Comic opera originated from a strand of opera that was characterized by short but highly entertaining scenes which in most cases had funny servants. The comic opera tradition remains to this day. During the 16th century, these comical scenes came in between various acts that constituted serious opera.
Comic opera existed prior to the 17th century. In Italy, it was referred to as Opera Buffa. This Italian version became an outgrowth that of the comic tradition before finally developing into an independent genre. Other various varieties of comic opera apart from this Italian variant are the French Opera Comique, the German Singspiel and the English Ballad Opera.
In its original meaning, comic opera is used to denote a dramatic work of drama that is light or comic in nature, which is often sung and has a very a very happy ending. These forms were introduced into world opera through Italian performances before quickly spreading to other European countries.
When this opera variant first reached France, it became popularly known as Opera Bouffon. In the century that followed, the art form came to be referred to as French Operetta, and Jacques Offenbach rose to become the most accomplished comic opera performer. These two comic forms of opera were quickly exported to other European countries. And hence the Viennese Operetta, the Spanish Zarzuela, the English Ballad and the Savoy Opera were born.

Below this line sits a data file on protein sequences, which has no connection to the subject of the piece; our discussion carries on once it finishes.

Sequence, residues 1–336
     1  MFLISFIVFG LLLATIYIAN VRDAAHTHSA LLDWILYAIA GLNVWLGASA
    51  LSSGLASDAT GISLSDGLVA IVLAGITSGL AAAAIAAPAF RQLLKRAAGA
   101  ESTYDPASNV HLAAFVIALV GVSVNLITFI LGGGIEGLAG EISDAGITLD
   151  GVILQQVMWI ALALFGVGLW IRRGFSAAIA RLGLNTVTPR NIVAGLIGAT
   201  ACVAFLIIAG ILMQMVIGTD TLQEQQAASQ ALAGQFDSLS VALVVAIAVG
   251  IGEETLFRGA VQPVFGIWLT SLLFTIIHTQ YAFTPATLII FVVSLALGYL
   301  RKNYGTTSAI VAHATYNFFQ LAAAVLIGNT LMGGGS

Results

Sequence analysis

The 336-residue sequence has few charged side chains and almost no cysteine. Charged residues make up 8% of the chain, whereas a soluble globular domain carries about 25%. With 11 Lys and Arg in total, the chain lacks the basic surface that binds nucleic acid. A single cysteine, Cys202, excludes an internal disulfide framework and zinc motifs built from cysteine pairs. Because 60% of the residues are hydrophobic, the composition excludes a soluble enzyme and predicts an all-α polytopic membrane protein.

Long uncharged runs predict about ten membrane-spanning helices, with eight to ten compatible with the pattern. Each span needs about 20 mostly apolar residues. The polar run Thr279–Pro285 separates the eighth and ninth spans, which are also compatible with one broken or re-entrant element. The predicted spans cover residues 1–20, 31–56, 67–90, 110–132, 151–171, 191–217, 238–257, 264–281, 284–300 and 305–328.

At the beginning, comic operas fitted in well as intermezzos that came in between various acts. Comic opera first grew to become the most famous form of entertainment in the period between 1750 and 1800. Pergolesi was a renowned comic performer whose death evoked comments from the famous French social philosopher, Rousseau.
Italian comic opera was developed even further in the 19th century through the works of people like Gioacchino Rossini whose major masterpieces were La Cenerentola and Barber of Seville which premiered in 1816 and 1817. On the other hand, French comic opera was more or less like the seizure of Italian opera which they baptized by the name Opera Comique. They made it their own through inclusion of many French terms while making compositions.
Comic opera in Germany grew most during the 18th century throughout the country before finally spreading into Vienna, where it became known as Comic Operetta. This type of opera had spoken dialogue that was extremely comical in nature. With time, comic opera developed into a more fully-fledged form of art, with some serious forms being intertwined here and there. The Merry Widow is an example of a comic opera that was produced by Franz Lehar.
The Spanish comic opera of Zarzuela was based on the popular culture of the Spanish theatre. All scenes contained an alternation between sung and spoken verses. Sung verses incorporated a lot of dancing. These forms were short, a feature they retain even today.